With cyberattacks on the increase, IEC has launched a number of initiatives to help combat these
Have you ever had your e-mail hacked or been informed that the personal information you have given to your credit card company has been breached?
Such breaches have become commonplace as our personal data is increasingly stored virtually. Though financial services are often targeted, more industries are being hit for other reasons.
Governments, industries and individuals under fire
Cyberattacks can also affect government organizations. If the goal is to disrupt an economy or everyday life, then energy companies, utilities and transport services are prime targets.
Protecting IT infrastructure systems
As concerns grow over the multitude of cyberattacks which affect individuals, companies, industries and governments, IEC has begun developing International Standards to combat these. A number of its Technical Committees (TCs) work on specific areas, including:
- IEC TC 65: Industrial-process measurement, control and automation, which has developed the IEC 62443 series of Standards on Industrial Communication Networks – Network and System Security, in order to keep industry safe.
- In the above mentioned case of energy companies, nuclear in particular, IEC Subcommittee (SC) 45A: Instrumentation, control, and electrical systems of nuclear facilities, published International StandardIEC 62645, which aims to define adequate programmatic measures for the prevention and detection of and reaction to malicious acts by cyberattacks.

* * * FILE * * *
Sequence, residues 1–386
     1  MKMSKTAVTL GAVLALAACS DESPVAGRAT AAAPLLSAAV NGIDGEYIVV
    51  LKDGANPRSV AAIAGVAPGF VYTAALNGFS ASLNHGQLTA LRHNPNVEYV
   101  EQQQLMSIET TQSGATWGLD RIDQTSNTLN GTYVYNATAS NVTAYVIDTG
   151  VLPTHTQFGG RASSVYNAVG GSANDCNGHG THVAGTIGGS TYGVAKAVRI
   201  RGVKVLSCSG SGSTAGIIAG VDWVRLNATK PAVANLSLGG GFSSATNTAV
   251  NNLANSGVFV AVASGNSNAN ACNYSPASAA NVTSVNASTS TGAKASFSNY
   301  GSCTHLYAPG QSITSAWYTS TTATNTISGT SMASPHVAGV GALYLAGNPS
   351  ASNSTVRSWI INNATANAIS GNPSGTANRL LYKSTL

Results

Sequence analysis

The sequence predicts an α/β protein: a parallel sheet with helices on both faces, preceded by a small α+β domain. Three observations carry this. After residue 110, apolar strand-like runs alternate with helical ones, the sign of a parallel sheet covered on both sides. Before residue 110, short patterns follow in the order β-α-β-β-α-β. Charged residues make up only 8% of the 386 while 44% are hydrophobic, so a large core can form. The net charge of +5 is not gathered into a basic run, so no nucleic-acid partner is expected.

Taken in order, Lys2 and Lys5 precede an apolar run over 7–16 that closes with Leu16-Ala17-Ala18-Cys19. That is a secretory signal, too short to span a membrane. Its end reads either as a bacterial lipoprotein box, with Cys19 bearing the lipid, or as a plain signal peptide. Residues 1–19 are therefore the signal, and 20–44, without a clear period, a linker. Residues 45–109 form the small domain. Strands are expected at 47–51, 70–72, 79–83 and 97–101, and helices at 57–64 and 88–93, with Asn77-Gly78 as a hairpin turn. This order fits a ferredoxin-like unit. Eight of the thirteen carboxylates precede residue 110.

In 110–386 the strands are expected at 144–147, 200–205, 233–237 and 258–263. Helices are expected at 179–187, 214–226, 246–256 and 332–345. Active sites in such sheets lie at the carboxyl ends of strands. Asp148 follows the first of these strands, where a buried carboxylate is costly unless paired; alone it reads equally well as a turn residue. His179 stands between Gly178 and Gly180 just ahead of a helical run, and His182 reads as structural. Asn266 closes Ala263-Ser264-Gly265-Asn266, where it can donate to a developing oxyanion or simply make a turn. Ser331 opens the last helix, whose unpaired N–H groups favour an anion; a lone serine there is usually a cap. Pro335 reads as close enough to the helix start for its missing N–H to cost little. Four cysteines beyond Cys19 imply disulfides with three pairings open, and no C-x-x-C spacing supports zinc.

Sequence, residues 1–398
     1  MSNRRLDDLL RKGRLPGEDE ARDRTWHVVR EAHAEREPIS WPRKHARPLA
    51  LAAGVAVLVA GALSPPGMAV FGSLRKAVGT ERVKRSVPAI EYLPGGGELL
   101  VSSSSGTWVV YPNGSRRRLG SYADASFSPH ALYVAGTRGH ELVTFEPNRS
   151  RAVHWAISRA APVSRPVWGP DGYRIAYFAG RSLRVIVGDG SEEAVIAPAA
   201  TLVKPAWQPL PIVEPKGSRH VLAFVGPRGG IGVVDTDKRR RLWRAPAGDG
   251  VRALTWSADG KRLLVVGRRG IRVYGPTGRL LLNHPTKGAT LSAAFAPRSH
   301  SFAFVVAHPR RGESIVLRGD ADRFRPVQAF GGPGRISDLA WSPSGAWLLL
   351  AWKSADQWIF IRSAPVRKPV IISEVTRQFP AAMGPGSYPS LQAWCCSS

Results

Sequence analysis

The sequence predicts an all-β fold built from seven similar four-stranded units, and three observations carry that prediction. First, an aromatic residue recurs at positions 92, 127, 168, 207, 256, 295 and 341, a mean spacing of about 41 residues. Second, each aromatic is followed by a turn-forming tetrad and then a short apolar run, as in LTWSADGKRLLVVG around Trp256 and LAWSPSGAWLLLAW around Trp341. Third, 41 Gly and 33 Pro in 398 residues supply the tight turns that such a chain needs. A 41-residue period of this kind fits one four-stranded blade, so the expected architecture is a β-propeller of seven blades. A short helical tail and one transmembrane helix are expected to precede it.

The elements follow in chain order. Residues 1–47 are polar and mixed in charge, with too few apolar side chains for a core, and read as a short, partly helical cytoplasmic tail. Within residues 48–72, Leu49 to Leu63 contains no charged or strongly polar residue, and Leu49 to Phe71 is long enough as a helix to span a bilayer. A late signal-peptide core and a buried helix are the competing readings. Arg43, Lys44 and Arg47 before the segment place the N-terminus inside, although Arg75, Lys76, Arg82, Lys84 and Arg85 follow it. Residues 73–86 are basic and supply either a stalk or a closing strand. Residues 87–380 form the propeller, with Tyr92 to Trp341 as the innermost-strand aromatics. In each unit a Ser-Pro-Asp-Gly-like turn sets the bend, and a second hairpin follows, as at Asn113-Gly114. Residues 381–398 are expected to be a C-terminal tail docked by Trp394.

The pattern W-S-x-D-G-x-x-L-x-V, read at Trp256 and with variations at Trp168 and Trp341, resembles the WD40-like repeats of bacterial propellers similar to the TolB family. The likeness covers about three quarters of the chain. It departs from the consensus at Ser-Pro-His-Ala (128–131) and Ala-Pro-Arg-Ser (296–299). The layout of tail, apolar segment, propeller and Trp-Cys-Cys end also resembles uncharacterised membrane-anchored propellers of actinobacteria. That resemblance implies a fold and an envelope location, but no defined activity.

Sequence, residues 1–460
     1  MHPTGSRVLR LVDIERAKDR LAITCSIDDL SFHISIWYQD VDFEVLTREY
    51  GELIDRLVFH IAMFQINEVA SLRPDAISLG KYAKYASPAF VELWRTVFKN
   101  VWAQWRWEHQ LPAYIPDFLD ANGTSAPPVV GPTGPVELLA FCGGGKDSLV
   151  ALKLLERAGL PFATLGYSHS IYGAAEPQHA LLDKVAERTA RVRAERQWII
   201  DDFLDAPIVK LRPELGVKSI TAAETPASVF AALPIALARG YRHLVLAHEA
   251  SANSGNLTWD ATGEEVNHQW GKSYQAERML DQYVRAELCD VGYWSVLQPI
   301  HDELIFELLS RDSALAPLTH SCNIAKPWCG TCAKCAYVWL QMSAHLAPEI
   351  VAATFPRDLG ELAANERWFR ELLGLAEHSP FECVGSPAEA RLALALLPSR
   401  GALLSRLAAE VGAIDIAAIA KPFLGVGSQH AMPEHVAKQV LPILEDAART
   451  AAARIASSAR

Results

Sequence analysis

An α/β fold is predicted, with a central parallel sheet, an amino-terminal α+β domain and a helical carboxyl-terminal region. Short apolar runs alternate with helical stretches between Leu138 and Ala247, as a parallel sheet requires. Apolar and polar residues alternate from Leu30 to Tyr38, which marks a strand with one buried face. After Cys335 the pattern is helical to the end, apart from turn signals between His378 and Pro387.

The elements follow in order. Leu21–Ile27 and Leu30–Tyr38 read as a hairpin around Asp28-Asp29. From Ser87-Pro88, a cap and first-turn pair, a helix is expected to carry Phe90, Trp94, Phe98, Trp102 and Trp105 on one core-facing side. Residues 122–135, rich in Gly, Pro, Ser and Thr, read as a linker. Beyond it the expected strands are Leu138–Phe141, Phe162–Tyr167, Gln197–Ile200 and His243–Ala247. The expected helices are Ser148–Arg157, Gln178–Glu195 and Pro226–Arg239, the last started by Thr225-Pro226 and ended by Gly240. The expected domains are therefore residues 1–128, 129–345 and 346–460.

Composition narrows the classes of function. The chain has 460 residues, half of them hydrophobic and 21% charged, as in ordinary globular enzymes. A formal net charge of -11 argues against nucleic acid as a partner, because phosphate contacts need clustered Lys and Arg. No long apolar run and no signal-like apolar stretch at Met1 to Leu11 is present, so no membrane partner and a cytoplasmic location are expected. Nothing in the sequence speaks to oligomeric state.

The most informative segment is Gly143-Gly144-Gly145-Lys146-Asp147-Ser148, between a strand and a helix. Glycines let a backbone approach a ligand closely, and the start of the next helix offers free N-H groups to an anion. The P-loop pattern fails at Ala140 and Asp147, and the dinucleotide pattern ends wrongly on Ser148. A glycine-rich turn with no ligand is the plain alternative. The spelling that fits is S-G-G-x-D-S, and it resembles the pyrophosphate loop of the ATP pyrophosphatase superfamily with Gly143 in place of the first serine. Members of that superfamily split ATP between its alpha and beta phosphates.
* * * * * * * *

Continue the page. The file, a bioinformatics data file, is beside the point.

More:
- Important International Standards in the field of IT security techniques are developed by ISO/IEC JTC 1/SC 27, a Subcommittee of the Joint Technical Committee (JTC) set up by the IEC and ISO (International Organization for Standardization) to work on International Standards for information technology.
- ISO/IEC 27001 specifies the requirements for establishing, implementing, maintaining and continually improving an information security management system within the context of an organization.
- In conjunction with this, ISO/IEC 27040 specifically deals with data storage security and how to manage it, from planning and design to implementation and documentation. It also comprises guidance on mitigating risks of data breaches or data corruption and considers new technologies and their connectivity. This Standard is useful for managers and administrators with specific responsibilities for information or storage security, storage operation, who are in charge of an organization’s overall security and security policy development.
This post is based on an IEC e-tech article by Janice Blondeau and Morand Fachot. Read full article here.